Safety Substantiation and Mandatory Recalls MoCRA requires manufacturers to maintain records of adequate substantiation of safety for their cosmetic products and ingredients. This includes having tests, studies, analyses, or other evidence considered by qualified and trained experts as sufficient information to support the safety of a product. Any records and other information pertaining to the products must be made available upon request by an FDA designated officer, including when facility inspections take place.
In addition, under MoCRA FDA has the authority to issue mandatory recalls for cosmetic products determined to be adulterated or misbranded that can cause serious health effects and can suspend the facility’s registration thus preventing the facility from operating.
Serious Adverse Event Reporting Requirements The responsible person (manufacturer, packer, or distributor whose name appears on the label of the product) must submit to the FDA any reported serious adverse effect (e.g. death, significant rashes/burns or any reaction that requires medical intervention) related to the customary use of a product. The submission must be done within 15 days from the time the responsible person received the incident reporting, and any new medical information obtained within 1 year of the initial report submission must be added within 15 days to the initially filed report.
Records of these events must be kept for 6 years, except for small businesses that need to maintain such records for 3 years. Fragrance and flavor ingredients suspected by the FDA to have caused or contributed to a reported serious adverse event may be required to be submitted in writing by the responsible person within 30 days of the request.
Good Manufacturing Practices MoCRA directs FDA to establish GMP regulations consistent with national and international standards. FDA must issue a proposed rule within two years after the December 29, 2022 enactment and a final rule no later than three years after MoCRA’s enactment. If a cosmetic product has been manufactured or processed under conditions that do not meet these regulations, it will be deemed adulterated under the FDCA.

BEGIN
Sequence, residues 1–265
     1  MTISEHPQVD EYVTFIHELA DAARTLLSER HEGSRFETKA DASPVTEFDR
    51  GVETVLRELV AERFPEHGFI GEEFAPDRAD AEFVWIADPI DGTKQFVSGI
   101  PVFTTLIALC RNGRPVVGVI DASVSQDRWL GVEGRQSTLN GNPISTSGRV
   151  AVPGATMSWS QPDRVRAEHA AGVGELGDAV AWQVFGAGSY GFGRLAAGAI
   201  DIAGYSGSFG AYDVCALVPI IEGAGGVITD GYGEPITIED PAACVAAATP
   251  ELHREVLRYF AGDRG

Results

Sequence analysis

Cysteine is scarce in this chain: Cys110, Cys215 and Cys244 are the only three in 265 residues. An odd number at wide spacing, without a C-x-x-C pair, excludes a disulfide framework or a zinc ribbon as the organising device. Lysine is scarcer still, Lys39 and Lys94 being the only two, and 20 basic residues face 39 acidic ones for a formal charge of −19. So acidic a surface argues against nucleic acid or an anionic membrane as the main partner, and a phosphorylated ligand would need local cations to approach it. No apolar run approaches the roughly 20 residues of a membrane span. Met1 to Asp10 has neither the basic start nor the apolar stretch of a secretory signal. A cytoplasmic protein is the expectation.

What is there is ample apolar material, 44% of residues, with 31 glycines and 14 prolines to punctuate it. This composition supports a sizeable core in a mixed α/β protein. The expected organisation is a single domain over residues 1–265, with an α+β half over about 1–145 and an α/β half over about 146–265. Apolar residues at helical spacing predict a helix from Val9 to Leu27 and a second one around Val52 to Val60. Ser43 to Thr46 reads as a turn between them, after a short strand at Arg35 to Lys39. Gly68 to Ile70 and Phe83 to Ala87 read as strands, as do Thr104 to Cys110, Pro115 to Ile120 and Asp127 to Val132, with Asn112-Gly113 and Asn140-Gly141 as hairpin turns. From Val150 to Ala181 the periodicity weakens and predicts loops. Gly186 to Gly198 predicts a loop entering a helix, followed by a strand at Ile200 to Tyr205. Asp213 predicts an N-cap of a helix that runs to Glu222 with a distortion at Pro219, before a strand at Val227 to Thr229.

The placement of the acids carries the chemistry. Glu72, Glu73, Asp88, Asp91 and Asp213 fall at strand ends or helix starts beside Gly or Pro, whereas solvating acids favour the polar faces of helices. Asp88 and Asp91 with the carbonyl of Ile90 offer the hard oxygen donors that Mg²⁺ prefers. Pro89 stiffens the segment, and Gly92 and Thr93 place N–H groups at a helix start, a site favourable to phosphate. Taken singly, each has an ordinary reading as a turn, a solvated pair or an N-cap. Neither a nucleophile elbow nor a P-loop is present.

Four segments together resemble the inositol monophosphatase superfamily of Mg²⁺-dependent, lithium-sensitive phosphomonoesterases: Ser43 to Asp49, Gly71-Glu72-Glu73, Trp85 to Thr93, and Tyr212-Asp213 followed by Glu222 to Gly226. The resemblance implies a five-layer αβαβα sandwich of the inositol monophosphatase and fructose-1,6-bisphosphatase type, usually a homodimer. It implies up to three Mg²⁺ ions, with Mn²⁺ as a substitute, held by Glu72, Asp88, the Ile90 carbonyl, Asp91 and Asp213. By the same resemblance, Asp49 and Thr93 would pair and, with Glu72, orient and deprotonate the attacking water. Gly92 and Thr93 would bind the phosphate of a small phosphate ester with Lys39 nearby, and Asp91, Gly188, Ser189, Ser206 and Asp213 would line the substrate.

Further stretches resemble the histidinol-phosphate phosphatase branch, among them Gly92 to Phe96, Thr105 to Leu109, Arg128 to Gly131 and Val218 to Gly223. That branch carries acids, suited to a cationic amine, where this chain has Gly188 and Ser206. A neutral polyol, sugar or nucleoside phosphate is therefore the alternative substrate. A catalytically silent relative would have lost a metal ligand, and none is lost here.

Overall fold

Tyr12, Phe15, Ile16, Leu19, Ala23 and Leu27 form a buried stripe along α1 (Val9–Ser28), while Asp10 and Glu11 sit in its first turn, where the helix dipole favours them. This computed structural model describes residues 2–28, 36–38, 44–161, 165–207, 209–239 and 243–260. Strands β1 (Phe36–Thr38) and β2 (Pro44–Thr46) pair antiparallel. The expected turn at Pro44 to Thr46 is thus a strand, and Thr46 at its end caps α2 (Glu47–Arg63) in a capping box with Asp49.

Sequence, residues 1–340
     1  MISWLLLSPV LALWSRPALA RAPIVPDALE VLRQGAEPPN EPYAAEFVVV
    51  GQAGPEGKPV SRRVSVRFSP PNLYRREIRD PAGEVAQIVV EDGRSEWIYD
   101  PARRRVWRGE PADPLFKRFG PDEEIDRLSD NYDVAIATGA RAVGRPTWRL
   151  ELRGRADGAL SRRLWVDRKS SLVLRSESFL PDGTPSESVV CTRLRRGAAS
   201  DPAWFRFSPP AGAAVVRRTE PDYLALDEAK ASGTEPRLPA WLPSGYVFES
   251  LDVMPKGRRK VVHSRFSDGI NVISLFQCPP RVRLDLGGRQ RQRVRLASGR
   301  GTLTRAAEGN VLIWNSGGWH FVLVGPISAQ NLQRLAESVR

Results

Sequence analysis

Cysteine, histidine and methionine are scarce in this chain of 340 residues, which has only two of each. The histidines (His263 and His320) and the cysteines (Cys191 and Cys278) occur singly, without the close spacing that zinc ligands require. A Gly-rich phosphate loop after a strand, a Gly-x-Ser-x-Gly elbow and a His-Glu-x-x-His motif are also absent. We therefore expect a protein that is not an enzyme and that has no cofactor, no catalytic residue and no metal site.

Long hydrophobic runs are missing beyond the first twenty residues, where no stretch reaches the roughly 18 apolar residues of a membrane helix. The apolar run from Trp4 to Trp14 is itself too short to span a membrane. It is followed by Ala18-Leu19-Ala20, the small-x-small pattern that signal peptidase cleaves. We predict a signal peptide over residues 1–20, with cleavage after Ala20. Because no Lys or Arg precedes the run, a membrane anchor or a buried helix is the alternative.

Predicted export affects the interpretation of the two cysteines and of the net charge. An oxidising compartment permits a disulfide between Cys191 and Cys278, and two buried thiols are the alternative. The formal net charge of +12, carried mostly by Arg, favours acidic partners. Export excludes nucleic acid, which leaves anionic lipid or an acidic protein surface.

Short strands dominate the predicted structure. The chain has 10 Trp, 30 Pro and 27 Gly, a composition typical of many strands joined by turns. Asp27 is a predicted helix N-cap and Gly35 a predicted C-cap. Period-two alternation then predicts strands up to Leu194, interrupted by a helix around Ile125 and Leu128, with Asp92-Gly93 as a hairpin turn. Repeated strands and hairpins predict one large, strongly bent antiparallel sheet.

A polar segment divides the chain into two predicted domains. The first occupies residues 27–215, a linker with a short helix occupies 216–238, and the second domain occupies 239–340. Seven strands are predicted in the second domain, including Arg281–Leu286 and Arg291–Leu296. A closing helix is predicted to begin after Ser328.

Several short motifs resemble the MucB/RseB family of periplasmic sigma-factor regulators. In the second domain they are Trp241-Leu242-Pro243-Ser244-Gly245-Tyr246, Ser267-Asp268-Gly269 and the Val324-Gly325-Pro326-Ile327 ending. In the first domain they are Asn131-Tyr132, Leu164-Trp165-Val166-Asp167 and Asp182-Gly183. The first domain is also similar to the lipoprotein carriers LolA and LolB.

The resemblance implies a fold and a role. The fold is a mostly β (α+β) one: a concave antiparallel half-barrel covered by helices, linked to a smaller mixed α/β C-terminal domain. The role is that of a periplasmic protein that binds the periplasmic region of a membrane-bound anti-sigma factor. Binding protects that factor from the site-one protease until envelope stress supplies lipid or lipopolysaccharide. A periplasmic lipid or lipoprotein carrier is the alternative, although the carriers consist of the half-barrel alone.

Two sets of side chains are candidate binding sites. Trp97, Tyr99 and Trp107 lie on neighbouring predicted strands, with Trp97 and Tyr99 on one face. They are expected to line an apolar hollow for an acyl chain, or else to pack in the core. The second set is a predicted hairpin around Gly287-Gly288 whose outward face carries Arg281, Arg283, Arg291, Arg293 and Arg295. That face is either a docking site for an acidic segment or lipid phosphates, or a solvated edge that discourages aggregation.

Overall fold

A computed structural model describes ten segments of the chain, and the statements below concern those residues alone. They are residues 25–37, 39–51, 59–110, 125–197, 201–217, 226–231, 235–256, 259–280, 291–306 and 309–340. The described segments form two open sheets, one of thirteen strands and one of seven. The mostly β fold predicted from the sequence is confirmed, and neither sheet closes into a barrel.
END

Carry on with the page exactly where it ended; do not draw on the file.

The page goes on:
PFAS in Cosmetic Products MoCRA requires FDA to assess the scientific evidence regarding the safety of, and risks associated with, the use of perfluoroalkyl and polyfluoroalkyl substances (PFAS) in cosmetic products. The FDA is also required to issue a report within three years of MoCRA’s enactment summarizing the results of its assessment.
Exemptions and Limitations of Application of MoCRA MoCRA exempts cosmetic/drug and cosmetic/device combination products from certain requirements related to adverse event reporting, GMPs, registration/listing, safety substantiation, recordkeeping, and mandatory recall authority. FDA’s oversight for such combination products presumably will be handled under the agency’s drug or device authorities. However, the foregoing exemptions are not applicable to facilities that manufacture both combination products and cosmetics.
In addition, owners/operators of “small businesses,” which are defined as those whose average gross annual sales of cosmetic products in the United States for the previous three-year period is less than $1,000,000, and who do not engage in the manufacturing or processing of cosmetic products, are exempt from the GMP and registration/listing requirements.
Looking Forward Although many of the new MoCRA requirements do not become effective until the end of this year (i.e., one year after the law was enacted), it is important for cosmetics manufacturers and processers to proactively think about these requirements to ensure they have robust compliance programs in place to comply with these new obligations. We expect that the FDA will issue guidance for industry concerning the new requirements, and state laws may also change in response once the full extent of the FDA requirements become known. Such changes may also spur manufacturers to rethink their contracts with raw material/ingredient suppliers in order to comply with the new requirements and shift the burden for such compliance to suppliers where possible.
The post New Law to Impact Body Washes and Other Cosmetic Products appeared first on ISSA.